McPherson, C.J., Wilson, K.G., Lobchuk, M.M., & Brajtman, S. (2008) Family caregivers’ assessment of symptoms in patients with advanced cancer: Reliability and factors affecting accuracy. Journal of Pain & Symptom Management, 35(1), 70-82.

McPherson, C.J., Wilson, K.G., Lobchuk, M.M., & Brajtman, S. (2007) Self-perceived burden to others: Patient and family caregiver correlates. Journal of Palliative Care, 23(3), 135-142.

Lobchuk, M.M., McClement, S.E., Daeninck, P., & Elands, H. (2007). Caregiver thoughts and feelings in response to different perspective-taking prompts. Journal of Pain and Symptom Management, 33(4), 420-433.

Lobchuk, M.M., McClement, S.E., Daeninck, P., Shay, C., & Elands, E. (2007). Asking the right question of informal caregivers about patient symptom experiences: Proxy perspectives and reducing inter-rater gap. Journal of Pain and Symptom Management, 33(2), 130-145.

Lobchuk, M.M. (2006). Concept analysis of perspective-taking. Journal of Advanced Nursing, 54(3), 1-2.

Lobchuk, M.M., Degner, L., Chateau, D., & Hewitt, D. (2006). Promoting enhanced patient and family caregiver congruence on lung cancer symptom experiences. Oncology Nursing Forum, 33(2), 1-10..

Lobchuk, M.M. (2003). Evidence-based clinical practice: A philosophy, process, and product. Canadian Oncology Nursing Journal, 13(2), 76-81.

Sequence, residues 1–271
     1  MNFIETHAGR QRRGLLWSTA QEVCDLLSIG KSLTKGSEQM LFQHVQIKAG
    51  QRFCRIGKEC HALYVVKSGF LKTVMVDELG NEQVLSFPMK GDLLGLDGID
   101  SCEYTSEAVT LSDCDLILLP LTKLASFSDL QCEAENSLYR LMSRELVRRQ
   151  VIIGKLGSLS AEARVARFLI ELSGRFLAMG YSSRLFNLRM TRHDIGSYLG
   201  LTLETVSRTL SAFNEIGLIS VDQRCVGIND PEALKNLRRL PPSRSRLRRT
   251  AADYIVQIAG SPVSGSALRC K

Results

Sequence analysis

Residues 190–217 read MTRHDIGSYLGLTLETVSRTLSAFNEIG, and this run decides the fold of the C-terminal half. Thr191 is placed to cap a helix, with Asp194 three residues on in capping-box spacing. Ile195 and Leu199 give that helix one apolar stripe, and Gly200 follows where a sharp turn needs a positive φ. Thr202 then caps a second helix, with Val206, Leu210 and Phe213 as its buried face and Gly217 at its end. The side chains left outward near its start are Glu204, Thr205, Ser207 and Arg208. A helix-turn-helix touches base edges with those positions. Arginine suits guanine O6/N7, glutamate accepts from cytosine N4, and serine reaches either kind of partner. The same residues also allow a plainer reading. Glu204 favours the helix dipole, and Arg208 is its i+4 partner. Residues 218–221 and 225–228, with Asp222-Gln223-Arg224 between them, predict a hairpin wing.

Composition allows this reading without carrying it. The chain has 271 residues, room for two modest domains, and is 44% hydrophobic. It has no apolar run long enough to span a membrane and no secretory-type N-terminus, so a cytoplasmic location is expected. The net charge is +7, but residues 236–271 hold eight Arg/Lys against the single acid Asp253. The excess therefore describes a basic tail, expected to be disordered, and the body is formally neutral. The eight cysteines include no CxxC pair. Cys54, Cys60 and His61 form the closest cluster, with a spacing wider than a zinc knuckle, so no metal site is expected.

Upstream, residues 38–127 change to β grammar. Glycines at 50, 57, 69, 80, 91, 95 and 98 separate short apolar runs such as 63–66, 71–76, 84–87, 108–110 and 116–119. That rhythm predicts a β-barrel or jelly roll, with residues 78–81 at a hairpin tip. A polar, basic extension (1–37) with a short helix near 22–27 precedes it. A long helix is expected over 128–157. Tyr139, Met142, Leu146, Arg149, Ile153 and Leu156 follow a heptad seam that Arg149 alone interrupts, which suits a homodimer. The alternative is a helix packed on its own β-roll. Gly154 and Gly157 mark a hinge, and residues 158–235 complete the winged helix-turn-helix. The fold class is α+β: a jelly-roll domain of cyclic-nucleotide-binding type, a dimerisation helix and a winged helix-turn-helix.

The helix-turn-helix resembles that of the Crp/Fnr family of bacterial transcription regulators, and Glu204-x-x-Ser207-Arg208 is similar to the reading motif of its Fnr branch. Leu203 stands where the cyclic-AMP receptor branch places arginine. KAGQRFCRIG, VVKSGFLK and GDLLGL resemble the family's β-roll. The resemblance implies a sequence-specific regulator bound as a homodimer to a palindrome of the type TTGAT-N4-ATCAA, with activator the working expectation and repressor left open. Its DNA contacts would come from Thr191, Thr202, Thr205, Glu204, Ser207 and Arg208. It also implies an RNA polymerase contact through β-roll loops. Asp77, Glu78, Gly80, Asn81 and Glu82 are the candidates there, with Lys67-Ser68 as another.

Martin, Wanda, & Lobchuk, M.M. (2003). Risk perception and surveillance by women with a first degree relative with breast cancer. Worldviews on Evidence-Based Nursing, 10(1), 30-55.

*Lobchuk, M.M., & Vorauer, J.D. (2003). Do family caregivers really put themselves in patients’ shoes to infer the cancer patients’ symptom experiences? Social Science & Medicine, 57(12), 2379-2384.

*Lobchuk, M.M. (2003). The Memorial Symptom Assessment Scale: Modified for use in understanding family caregivers’ perceptions on cancer patients’ symptom experiences. Journal of Pain & Symptom Management, 26(1), 644.654.

*Lobchuk, M.M., & Degner, L.F. (2002). Symptom experiences: Perceptual Accuracy Between Advanced Stage Cancer Patients and Family Caregivers in the Home Care Setting. Journal of Clinical Oncology, 20(16), 3495-3507.

*Lobchuk, M.M., & Degner, L.F. (2002). Patients with cancer and next-of-kin response comparability on physical and psychological symptom “well-being”: Trends and measurement issues. Cancer Nursing. 25(5), 358-374.

Lobchuk, M., & Stymeist, D. (1999). Symptoms as meaningful “family culture” symbols in palliative care. Journal of Palliative Care, 15(4), 24-31.

Lobchuk, M. (1999). Humanistic reflections of a research nurse in a longitudinal study: A personal essay. Canadian Oncology Nursing Journal, 9(2), 71-73.

Lobchuk, M., Kristjanson, L., Degner, L., Blood, P., & Sloan J. (1999). Wahrnemung der Symptombelastung bei Lungenkrebspatienten: I. Ubereinstimmung zwischen Patienten und den sie hauptsachlich pflegenden Angehorigen. Pflege, 12, 352-361.

Kristjanson, L.J., Nikoletti, S., Porock, D., Smith, M., Lobchuk, M., & Pedler, P. (1998). Congruence between patients’ and family caregivers’ perceptions of symptom distress in patients with terminal cancer. Journal of Palliative Care 14(3), 24-32.

Lobchuk, M., Kristjanson, L., Degner, L., Blood, P., & Sloan, J. (1997). Perceptions of Symptom Distress in Lung Cancer Patients: Congruence Between Patients and Primary Family Caregivers. Journal of Pain and Symptom Management 14(3), 136-146.